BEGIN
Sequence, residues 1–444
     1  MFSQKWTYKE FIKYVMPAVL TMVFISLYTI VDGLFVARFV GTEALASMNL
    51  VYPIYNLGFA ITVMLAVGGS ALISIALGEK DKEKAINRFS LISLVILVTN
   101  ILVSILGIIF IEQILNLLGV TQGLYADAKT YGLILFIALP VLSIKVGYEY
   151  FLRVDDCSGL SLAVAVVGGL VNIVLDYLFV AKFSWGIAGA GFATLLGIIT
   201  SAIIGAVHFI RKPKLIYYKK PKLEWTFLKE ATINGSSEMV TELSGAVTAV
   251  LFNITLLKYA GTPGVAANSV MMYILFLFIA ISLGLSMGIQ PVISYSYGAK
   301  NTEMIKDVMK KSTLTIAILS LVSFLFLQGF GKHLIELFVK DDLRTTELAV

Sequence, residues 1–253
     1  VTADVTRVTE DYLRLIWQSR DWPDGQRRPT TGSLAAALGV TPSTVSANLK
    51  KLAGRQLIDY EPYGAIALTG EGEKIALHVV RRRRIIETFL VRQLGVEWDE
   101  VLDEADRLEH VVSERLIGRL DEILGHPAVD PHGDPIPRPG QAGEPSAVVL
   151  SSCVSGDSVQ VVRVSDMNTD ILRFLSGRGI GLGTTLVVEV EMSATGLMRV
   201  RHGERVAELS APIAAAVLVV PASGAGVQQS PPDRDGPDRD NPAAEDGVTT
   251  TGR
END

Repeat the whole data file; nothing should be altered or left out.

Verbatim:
Sequence, residues 1–444
     1  MFSQKWTYKE FIKYVMPAVL TMVFISLYTI VDGLFVARFV GTEALASMNL
    51  VYPIYNLGFA ITVMLAVGGS ALISIALGEK DKEKAINRFS LISLVILVTN
   101  ILVSILGIIF IEQILNLLGV TQGLYADAKT YGLILFIALP VLSIKVGYEY
   151  FLRVDDCSGL SLAVAVVGGL VNIVLDYLFV AKFSWGIAGA GFATLLGIIT
   201  SAIIGAVHFI RKPKLIYYKK PKLEWTFLKE ATINGSSEMV TELSGAVTAV
   251  LFNITLLKYA GTPGVAANSV MMYILFLFIA ISLGLSMGIQ PVISYSYGAK
   301  NTEMIKDVMK KSTLTIAILS LVSFLFLQGF GKHLIELFVK DDLRTTELAV

Sequence, residues 1–253
     1  VTADVTRVTE DYLRLIWQSR DWPDGQRRPT TGSLAAALGV TPSTVSANLK
    51  KLAGRQLIDY EPYGAIALTG EGEKIALHVV RRRRIIETFL VRQLGVEWDE
   101  VLDEADRLEH VVSERLIGRL DEILGHPAVD PHGDPIPRPG QAGEPSAVVL
   151  SSCVSGDSVQ VVRVSDMNTD ILRFLSGRGI GLGTTLVVEV EMSATGLMRV
   201  RHGERVAELS APIAAAVLVV PASGAGVQQS PPDRDGPDRD NPAAEDGVTT
   251  TGR